Research reveals that, within a generation, non-married people
will outnumber married couples.
It's becoming increasingly risky to assume that co-habiting couples are married, so how do you avoid making tactless blunders?
Non-married couples can help out by introducing their partners with the words 'my partner'. This is universally taken to denote a long-term co-habitee, and many people will find it less embarrassingly juvenile than terms like 'boyfriend' or 'girlfriend'.
When you meet a couple that are living together, never assume marital status. So don't say things like 'is this your wife?'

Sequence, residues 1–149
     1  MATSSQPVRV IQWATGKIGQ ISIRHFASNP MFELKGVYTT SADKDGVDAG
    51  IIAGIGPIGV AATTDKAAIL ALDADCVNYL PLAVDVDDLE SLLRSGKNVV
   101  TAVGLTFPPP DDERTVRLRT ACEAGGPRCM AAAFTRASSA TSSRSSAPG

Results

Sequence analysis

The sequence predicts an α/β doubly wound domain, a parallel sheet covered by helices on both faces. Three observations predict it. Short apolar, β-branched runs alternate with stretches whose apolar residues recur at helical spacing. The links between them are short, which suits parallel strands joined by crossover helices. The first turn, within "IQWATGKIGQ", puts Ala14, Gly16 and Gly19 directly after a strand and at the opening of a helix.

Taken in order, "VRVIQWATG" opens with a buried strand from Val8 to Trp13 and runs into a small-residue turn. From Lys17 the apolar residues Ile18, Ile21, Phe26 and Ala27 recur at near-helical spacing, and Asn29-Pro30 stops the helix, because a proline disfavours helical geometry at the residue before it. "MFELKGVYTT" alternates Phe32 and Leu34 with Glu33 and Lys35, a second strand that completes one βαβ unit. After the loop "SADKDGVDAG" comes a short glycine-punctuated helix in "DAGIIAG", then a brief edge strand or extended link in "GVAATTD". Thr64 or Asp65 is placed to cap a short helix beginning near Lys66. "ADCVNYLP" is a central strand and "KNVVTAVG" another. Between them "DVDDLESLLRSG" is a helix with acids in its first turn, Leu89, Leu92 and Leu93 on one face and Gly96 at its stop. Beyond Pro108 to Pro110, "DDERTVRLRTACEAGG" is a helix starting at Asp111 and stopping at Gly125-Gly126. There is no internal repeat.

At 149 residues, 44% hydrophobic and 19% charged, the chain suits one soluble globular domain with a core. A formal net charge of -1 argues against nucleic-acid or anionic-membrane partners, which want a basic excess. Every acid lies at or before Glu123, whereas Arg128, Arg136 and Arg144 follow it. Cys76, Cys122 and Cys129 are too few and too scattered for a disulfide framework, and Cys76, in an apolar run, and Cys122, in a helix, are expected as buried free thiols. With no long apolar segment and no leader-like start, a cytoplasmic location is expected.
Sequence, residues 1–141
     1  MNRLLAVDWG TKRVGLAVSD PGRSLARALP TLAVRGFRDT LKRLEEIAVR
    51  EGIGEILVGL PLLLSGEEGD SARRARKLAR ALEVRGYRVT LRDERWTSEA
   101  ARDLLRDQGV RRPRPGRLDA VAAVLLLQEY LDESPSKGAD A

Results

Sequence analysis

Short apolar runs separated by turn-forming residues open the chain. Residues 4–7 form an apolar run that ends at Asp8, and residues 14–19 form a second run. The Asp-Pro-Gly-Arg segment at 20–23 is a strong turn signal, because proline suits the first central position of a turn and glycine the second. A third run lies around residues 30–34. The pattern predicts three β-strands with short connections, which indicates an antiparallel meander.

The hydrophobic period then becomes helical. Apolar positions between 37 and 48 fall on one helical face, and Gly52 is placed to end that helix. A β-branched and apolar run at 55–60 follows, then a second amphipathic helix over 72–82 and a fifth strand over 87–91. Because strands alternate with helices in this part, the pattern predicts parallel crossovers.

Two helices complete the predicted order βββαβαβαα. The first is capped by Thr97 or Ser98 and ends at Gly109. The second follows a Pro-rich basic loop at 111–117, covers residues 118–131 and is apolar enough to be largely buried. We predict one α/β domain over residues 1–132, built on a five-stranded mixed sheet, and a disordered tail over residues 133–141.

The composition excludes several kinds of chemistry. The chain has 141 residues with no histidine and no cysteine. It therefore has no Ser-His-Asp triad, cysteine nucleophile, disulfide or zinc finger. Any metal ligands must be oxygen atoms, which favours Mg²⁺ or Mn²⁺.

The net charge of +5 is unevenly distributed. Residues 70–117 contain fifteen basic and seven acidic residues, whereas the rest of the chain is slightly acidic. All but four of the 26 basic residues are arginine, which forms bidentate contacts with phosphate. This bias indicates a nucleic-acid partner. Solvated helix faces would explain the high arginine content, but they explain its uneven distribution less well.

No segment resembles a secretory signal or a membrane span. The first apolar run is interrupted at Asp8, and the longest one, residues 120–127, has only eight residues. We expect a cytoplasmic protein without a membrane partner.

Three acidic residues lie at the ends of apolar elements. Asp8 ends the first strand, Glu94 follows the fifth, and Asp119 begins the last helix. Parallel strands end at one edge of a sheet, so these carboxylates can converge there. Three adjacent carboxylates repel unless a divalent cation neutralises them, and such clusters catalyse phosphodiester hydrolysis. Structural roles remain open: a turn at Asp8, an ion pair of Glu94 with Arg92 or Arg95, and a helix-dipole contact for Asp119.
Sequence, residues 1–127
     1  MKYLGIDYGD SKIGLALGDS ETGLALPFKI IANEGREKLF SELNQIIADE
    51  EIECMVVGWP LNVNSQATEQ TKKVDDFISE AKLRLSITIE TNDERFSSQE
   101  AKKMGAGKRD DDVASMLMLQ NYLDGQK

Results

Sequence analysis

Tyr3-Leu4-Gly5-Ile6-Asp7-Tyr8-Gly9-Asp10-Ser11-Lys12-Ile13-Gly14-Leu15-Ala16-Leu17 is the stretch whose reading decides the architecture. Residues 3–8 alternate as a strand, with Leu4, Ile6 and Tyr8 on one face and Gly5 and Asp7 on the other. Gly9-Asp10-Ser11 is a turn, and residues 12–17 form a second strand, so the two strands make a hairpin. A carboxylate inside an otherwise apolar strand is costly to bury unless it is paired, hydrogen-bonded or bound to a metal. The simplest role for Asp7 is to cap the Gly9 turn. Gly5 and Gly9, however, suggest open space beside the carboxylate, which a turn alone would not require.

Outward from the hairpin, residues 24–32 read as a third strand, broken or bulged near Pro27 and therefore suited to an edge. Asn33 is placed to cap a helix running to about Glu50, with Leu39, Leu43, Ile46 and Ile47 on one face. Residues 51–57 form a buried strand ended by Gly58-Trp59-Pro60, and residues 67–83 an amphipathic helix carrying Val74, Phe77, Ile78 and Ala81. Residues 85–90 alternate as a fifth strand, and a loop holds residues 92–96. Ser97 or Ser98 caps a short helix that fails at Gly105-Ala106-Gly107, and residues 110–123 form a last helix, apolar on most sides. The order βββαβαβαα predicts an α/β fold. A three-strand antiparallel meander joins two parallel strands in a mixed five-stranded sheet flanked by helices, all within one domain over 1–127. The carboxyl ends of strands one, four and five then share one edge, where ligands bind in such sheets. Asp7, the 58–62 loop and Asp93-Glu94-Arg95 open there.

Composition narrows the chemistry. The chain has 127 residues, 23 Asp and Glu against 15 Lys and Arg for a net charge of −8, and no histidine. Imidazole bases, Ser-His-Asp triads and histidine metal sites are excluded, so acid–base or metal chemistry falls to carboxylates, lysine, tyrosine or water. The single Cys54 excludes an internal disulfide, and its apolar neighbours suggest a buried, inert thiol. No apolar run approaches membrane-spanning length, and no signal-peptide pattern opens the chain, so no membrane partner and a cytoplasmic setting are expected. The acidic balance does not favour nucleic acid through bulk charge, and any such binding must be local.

Never make the assumption that, because they're living together, they're planning to get married. Increasingly, people are deciding to buy houses, have children etc. without any thought of marriage. So it's crass to ask questions like 'so when are you two thinking of tying the knot?'
Forms of Address
When sending invitations to non-married couples, common sense dictates that both names are given in full:
John Debrett and Caroline Manners
When it comes to deciding how to order the two names on the invitation or envelope, it's a good idea to put the 'prime' invitee first. So if, for example, you are inviting an unmarried couple to a wedding, and the female partner is a good friend of the bride, then it would be sensible to give her name first on the envelope and invitation.